Jeremy Taylor has devised a “toolkit” for group dream work: Jeremy Taylor's Dreamwork Toolkit

And for more about Jeremy’s approach to dream work: Jeremy Taylor on Starting a Dream Group

For some more information about the do’s and don’ts of group dream work see: Working with Dreams in a Group

Today’s illustration intermingles three dreams from three different people in my own dream group, and I thought it made a nice little comment on the synergy dream groups create.  Bev’s horses, each with one prosthesis, gallop down the stairs of a hotel lobby. The illustration is set on one of the pieces of white paper from Linda’s dream. The aliens from my dream interact with the white stones from Linda’s. The black area above the aliens represents the unknown that each dreamer seems to be rushing toward.

Wednesday, February 17, 2010

Statue of Liberty


Dreams often play on words, so it can be helpful to engage your crossword puzzle-solving skills when you try to decipher your dream.

 Dream Image: A woman with phony blonde hair is a statue similar to the Statue of Liberty. She is surrounded by water and in modern dress, a blue skirt and red top.

Interpretation: For me, the unconscious is “dumb” in the old-fashioned sense of the word, i.e. mute, so my dream presents it as a symbol of “dumb” in our culture: the dumb blonde. That I see her blonde hair as phony tells me she really can speak, but since she is a statue there’s the implication she can’t move. So I must be stuck. Or perhaps she is saying she can’t come to me, but I can go to her. She holds aloft a flame, signifying enlightenment. And she has taken the pose of the Statue of Liberty. She lifts her lamp to the liberation of the unconscious material (the water) surrounding her.

Tuesday, February 16, 2010

Struggle with an Angel?


One reason myths have staying power is their ability to encapsulate a universal human experience. This dream shows how these myths can spontaneously appear, and when they do, it means the issue they are highlighting is important.

The Dream: Clark and I are in a romantic mood despite the nearness of the children. Suddenly I am grabbed from behind by a man with wings, and held very tightly—so tightly I can’t breathe. I try to call out, but no sound comes. Final I start screaming, “Clark! Clark!” in hopes he’ll rescue me. I awaken.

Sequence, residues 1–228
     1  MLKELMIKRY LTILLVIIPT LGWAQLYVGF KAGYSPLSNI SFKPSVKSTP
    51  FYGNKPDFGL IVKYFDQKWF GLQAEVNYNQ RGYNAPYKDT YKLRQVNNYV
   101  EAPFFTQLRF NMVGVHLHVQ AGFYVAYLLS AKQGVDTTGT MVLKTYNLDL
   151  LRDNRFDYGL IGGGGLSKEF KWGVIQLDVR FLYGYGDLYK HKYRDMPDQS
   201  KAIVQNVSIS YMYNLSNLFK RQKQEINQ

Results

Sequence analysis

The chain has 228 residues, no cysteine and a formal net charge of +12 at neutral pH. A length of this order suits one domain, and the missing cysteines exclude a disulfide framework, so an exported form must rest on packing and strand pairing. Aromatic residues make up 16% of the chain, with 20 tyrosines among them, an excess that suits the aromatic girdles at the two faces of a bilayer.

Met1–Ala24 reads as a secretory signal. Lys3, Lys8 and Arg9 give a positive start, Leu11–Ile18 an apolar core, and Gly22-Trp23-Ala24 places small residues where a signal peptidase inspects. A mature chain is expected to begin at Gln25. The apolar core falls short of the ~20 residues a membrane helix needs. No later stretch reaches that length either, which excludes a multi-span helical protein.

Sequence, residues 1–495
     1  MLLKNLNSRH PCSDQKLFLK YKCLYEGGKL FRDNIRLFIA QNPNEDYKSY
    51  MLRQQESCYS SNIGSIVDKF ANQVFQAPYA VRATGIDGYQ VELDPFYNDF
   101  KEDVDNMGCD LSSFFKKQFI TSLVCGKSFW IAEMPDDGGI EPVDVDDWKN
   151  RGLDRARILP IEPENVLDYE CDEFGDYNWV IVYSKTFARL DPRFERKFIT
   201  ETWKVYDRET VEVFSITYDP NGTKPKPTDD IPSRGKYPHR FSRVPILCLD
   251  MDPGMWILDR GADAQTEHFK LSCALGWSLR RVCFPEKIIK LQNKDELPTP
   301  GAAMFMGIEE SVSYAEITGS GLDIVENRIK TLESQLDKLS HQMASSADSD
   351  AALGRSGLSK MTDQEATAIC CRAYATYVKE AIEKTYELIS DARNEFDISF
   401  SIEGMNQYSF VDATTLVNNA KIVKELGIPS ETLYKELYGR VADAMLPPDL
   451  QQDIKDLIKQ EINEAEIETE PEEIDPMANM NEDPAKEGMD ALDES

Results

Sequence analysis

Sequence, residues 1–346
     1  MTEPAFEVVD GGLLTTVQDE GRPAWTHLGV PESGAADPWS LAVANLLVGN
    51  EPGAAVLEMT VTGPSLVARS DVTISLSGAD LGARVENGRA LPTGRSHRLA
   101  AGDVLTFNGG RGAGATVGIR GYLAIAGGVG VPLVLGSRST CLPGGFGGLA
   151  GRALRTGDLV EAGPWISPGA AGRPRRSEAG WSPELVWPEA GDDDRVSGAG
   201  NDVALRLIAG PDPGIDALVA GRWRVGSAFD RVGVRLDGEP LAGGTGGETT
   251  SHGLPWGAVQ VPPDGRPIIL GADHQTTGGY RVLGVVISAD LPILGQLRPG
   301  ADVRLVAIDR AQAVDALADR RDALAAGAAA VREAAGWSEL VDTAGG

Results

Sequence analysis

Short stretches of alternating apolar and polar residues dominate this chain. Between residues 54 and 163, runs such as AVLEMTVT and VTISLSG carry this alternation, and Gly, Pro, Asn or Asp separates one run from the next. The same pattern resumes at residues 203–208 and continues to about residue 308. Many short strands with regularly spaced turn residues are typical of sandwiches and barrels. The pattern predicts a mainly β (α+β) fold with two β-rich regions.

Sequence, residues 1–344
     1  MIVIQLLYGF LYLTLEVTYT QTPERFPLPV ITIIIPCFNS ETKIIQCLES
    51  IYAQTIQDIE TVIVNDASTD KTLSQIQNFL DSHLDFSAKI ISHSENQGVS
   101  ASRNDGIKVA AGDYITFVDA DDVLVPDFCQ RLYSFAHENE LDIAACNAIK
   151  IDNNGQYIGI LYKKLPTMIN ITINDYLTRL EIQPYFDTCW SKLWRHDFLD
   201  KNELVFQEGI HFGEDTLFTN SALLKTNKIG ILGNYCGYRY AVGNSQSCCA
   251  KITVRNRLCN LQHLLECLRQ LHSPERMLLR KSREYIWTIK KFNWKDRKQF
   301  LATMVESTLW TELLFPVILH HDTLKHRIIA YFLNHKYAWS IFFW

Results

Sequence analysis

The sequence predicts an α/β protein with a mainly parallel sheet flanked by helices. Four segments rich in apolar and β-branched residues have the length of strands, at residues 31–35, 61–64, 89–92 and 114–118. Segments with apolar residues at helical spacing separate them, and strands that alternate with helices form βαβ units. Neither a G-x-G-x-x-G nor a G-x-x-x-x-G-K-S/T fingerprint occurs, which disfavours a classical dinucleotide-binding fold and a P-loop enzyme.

Interpretation: As I try to awaken the unconscious and incorporate it into my conscious life I am grabbed from behind by a powerful force. In other words, things I have tried to “put behind me” emerge with great intensity and practically squeeze the life out of me. The dream tells me I need my other half, the part I have repressed into unconsciousness, to solve the problem. This other half is symbolized by husband Clark and our attempt at union when the dream begins, as well as the fact that I call out to him as the dream ends. Ultimately, of course, I need to turn and face the angel / demon.

Monday, February 15, 2010

The Mural


You might have heard that Freud organized our minds into id, ego, and superego; and Jung organized our minds into three levels as well: unconscious, subconscious, and conscious. This dream seems to confirm the theoretical concept that our minds have these “levels” of consciousness.

The Dream:
There is a stairwell going up, on the right. Just to its left is an elevator, but I discover there is no way for me to access it. However, by going around a central structure and up a stair or two I find another way. I think it’s too bad we didn’t know about this elevator sooner, since we have spent so much effort trudging up the stairs.